What makes a cop brave?
The brave don’t lack fear. They just don’t succumb to it. But can it be learned or is it innate?
“Greater love has no one than this: to lay down one's life for one's friends.” Many (if not all) of you will recognize that as John 15:13. Like many civilians, I wonder about folks who choose work that could require them to show “the greatest love” on any given day. Cops stand ready to show this love for strangers.
What makes you run toward danger while the rest of us flee? How are you able to overcome fear and survival instincts to intentionally put yourself in harm’s way to protect people you don’t know?
Scientists have wondered the same thing. In fact, science has a pretty solid picture of the brain on fear (see the sidebar item). But what makes people brave?
Heroes Among Us
Some civilians who — because of circumstances forced on them — become incident-driven rescuers rather than bystanders. Then there are the special few like law enforcement officers who choose to daily put themselves in harm’s way to protect others.
How do you do it? How do you overcome the brain’s mechanisms for self-preservation? Can bravery — facing danger or enduring pain for the sake of others — be learned or is it a trait you’re born with? Scientists are discovering that bravery is more nuanced and complex than fear. Bravery taps the mind and heart.
The brave don’t lack fear. They just don’t succumb to it. They can be strengthened by muscle memory that comes from intense training. Police understand this better than I do.
When you practice something over and over, the task gets switched from the outer cortex of the brain, where it is done consciously, to the basal ganglia where the reaction is automatic and unaffected by fear.
Police academies and military boot camps ingrain certain tactics into recruits’ brains by persistent repetition so they can function on autopilot when intense fear shuts down their rational brain.
That’s what flight attendant Lee Yoon-Hye described after she helped hundreds of passengers escape the wreck of Asiana Airlines flight 214 when it crashed short of the runway. Her multi-tasking under extreme stress included helping to deal with a deployed emergency slide trapping panicked passengers and an erupting fire.
“We followed our training,” she told reporters. “I wasn’t really thinking … my body just started carrying out the steps needed.”
Fear can fuel bravery. Short of panic, fear can facilitate heroic acts because it triggers the release of adrenaline, noradrenaline, and cortisol. These compounds can focus attention, slow down time, dull pain, and mobilize the body’s energy for extraordinary speed and strength.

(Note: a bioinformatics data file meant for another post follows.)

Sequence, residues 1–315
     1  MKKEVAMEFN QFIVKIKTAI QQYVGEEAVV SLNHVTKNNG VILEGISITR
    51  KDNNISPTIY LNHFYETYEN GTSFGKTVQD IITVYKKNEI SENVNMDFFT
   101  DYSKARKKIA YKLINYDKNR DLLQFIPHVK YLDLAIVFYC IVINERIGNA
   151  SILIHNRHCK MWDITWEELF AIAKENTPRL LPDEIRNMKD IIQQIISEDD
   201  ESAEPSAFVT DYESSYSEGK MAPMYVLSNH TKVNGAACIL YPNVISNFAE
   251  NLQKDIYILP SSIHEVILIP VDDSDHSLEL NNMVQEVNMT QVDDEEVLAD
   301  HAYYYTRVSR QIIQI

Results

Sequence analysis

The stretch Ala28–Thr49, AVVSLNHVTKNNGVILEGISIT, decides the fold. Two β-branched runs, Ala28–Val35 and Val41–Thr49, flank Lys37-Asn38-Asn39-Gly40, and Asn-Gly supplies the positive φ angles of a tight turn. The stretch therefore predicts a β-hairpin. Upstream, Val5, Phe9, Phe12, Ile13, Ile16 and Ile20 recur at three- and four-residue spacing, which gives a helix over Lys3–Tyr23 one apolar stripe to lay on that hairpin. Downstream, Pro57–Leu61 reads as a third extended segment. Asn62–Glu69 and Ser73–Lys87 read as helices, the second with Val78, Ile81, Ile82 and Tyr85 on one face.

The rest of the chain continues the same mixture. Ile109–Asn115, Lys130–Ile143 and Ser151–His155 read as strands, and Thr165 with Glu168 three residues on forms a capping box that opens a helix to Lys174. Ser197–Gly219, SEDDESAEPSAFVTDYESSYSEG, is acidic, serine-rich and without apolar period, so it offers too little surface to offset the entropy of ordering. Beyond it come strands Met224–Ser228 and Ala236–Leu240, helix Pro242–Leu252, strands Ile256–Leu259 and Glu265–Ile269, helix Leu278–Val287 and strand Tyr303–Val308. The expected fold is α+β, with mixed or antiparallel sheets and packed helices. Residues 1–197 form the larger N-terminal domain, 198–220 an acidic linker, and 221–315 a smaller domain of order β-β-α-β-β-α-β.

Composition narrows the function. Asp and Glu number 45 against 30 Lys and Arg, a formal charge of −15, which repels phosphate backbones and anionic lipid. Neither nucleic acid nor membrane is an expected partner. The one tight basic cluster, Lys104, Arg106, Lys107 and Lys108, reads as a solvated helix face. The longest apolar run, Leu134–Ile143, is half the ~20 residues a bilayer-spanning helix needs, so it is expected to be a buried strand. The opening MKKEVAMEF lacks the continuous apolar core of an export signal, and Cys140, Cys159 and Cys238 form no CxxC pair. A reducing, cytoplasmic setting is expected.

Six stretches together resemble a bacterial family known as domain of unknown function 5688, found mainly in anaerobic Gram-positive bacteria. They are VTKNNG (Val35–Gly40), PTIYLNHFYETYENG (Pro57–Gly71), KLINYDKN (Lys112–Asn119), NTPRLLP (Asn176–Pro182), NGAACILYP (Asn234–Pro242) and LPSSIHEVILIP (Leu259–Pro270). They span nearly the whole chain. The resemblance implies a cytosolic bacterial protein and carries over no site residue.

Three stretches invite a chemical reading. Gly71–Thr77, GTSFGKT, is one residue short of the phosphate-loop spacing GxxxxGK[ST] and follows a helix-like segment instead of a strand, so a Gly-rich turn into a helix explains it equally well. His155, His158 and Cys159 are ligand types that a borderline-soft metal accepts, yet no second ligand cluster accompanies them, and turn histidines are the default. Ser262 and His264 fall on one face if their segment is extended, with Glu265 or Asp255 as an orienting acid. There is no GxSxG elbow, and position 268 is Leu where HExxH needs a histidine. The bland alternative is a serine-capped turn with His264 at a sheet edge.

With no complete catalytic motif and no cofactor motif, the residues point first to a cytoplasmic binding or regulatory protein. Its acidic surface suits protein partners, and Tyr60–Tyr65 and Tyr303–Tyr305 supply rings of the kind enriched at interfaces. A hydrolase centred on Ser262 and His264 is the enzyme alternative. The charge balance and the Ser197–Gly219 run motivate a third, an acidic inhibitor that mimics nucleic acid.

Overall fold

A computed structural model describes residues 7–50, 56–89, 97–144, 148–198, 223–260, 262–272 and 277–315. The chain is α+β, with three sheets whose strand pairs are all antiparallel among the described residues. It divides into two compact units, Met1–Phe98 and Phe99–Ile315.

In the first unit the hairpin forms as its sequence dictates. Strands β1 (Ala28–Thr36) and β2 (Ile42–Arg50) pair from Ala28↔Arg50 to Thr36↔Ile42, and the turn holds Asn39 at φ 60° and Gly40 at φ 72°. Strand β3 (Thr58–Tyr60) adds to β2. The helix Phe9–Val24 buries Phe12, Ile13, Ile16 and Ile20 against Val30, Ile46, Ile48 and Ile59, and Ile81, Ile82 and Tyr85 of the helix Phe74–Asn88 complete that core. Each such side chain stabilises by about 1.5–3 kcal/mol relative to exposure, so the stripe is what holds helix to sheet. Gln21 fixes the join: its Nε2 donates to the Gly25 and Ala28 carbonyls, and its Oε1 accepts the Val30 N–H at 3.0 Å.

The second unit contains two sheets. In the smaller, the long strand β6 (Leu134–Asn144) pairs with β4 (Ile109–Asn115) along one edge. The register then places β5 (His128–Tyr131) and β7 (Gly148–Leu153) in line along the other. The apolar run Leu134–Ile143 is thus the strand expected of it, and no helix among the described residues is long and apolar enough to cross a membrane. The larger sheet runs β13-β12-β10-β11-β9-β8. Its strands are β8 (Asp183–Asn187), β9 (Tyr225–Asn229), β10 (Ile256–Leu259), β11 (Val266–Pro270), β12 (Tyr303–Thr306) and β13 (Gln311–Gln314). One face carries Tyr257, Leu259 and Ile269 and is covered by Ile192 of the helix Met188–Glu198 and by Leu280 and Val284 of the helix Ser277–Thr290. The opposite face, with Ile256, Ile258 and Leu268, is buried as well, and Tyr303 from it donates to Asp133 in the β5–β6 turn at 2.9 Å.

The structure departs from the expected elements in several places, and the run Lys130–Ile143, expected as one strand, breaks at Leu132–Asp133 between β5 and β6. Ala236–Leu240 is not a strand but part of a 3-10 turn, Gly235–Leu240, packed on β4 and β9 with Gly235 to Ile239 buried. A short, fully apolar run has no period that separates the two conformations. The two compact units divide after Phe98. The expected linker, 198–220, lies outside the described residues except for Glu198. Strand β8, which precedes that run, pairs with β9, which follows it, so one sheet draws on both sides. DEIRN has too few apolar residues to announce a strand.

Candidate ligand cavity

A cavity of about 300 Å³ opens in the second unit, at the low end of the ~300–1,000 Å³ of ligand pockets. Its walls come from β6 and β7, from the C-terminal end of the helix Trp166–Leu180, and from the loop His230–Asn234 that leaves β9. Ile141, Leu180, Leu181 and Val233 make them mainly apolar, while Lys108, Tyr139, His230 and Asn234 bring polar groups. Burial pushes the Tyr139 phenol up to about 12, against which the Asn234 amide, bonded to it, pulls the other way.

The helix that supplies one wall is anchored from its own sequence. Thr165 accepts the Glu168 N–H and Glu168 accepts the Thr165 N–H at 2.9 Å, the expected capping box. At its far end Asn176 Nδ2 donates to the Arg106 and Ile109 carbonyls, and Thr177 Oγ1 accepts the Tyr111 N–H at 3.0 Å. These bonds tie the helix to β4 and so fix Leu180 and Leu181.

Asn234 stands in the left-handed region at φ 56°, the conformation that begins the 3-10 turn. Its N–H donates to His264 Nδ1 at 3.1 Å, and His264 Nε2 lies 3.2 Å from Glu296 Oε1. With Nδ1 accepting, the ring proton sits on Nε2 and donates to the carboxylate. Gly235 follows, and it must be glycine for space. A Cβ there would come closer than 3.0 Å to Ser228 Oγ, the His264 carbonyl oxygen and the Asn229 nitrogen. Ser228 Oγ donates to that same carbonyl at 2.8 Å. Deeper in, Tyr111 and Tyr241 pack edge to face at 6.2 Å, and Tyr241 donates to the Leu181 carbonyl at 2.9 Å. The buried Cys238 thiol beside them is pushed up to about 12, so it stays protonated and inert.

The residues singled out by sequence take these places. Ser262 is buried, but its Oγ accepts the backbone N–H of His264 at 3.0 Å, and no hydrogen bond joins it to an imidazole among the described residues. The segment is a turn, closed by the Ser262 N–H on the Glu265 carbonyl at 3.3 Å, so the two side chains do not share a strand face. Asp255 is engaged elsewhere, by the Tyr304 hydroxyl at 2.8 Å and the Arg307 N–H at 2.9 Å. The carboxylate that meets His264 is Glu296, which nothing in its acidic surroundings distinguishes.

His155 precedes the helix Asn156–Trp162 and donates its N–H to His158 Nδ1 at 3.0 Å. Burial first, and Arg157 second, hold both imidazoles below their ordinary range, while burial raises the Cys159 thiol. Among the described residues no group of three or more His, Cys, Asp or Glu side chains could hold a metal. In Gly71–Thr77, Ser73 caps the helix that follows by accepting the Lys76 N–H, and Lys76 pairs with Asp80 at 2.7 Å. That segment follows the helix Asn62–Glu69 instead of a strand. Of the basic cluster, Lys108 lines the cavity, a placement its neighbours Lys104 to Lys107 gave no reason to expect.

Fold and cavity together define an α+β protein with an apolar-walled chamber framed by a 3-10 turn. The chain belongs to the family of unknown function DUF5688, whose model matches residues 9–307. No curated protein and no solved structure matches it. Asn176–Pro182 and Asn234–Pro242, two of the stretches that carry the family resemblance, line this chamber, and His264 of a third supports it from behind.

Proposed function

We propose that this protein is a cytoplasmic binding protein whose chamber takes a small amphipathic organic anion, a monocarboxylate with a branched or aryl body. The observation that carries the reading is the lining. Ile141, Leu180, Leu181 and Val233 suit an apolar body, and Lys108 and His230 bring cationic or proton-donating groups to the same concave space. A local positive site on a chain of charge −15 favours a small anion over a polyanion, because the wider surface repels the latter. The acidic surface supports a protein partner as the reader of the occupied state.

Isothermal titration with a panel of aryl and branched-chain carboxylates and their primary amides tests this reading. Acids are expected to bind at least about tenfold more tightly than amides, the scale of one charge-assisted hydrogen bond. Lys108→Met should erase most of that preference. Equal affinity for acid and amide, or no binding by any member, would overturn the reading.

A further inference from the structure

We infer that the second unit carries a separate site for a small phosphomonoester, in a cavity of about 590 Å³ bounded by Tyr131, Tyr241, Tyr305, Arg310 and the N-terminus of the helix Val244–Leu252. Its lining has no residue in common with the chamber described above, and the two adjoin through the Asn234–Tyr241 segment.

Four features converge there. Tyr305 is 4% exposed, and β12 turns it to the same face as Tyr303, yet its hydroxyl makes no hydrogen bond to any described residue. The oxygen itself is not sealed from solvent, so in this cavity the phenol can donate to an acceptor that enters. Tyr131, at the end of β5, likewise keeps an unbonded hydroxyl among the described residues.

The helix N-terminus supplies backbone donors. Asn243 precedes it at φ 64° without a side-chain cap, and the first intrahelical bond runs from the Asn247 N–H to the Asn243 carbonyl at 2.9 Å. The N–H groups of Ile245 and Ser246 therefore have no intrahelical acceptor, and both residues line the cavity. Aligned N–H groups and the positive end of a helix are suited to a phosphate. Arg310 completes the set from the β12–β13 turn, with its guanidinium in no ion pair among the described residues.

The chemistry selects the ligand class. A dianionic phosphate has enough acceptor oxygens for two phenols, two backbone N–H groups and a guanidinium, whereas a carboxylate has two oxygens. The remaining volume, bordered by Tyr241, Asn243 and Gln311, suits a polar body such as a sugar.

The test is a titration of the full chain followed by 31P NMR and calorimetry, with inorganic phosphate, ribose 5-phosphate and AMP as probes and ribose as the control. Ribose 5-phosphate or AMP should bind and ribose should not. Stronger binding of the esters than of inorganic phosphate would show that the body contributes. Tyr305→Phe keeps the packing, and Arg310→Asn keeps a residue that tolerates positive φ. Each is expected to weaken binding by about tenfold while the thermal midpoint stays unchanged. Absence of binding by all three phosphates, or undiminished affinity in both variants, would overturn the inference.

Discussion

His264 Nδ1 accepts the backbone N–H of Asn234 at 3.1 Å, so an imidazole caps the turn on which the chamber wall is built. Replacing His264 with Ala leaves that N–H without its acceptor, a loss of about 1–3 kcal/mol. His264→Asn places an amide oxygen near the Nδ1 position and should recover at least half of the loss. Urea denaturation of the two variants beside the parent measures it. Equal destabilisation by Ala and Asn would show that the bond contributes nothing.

When teacher Rhonda Crosswhite shielded six students with her body as 200 mph winds turned her Oklahoma school building into splinters, she learned she was injured only after her adrenaline subsided.
“I had cuts everywhere that I didn’t even realize I had,” Crosswhite said.
Knowledge and Belief
Humans are naturally afraid of the unknown. Fear diminishes when we think we understand a threat. Brain-scanning machines show that when people are shown unfamiliar faces their amygdala light up – not so when shown familiar faces.
Self-efficacy is the belief that you can do what needs to be done. Experience — real or scenario-based — can provide knowledge and self-efficacy.
I carry. I strive to maintain gun handling competence with regular range work and various Gunsite Academy and other training. I hope I could measure up if faced with a deadly use of force incident but, having never been tested, I’m not certain. I’ve asked countless cops across the nation if they were certain. They’ve universally answered, with conviction, “Yes.” They’re who I want answering such calls — men and women who know and believe they can do what is necessary.
Military psychologists say that love for fellow soldiers is one of the most powerful forces behind bravery in combat. Brain science supports this.
Oxytocin is the hormone that cements social ties. Experiments indicate it also reduces fear. Subjects in a brain-scanner who were given whiffs of oxytocin while viewing frightening images showed significantly less amygdala activity. The effect was so substantial that experts are researching how to harness this hormone of fraternal love into a “bravery pill.”
What kind of love has officers willing to risk their lives for strangers? Coretta Scott King talked of a powerful love for people we may not know.
“Love is such a powerful force... that kind of unconditional love for all of humankind. That is the kind of love that impels people to go into the community and try and change conditions for others, to take risks for what they believe in.”
Grow the Knowledge
Many cops have shared with me that they’re “adrenaline junkies” (only in the nicest way). They thrive on the thrill and excitement of danger.
Adrenaline junkie is a colloquial term that describes someone who likes thrilling and fear-inducing situations. The act of conquering fear creates a rush of endorphins that create a natural high. Sometimes the inclination is to seek out ever more intense thrills.
You hold a key to knowledge and hard-learned wisdom about bravery. Please share in the comments section or email me via my website and I can share it while protecting any confidentiality you desire.
• Have you experienced or witnessed an act of bravery?
• What was it like – physically, mentally and emotionally?
• Were any of the factors discussed above involved?
• What did you take away from the experience?
• What have the scientists and I completely missed about the mystery of bravery?
And while you’re being brave in a way I can only be thankful for, take care.
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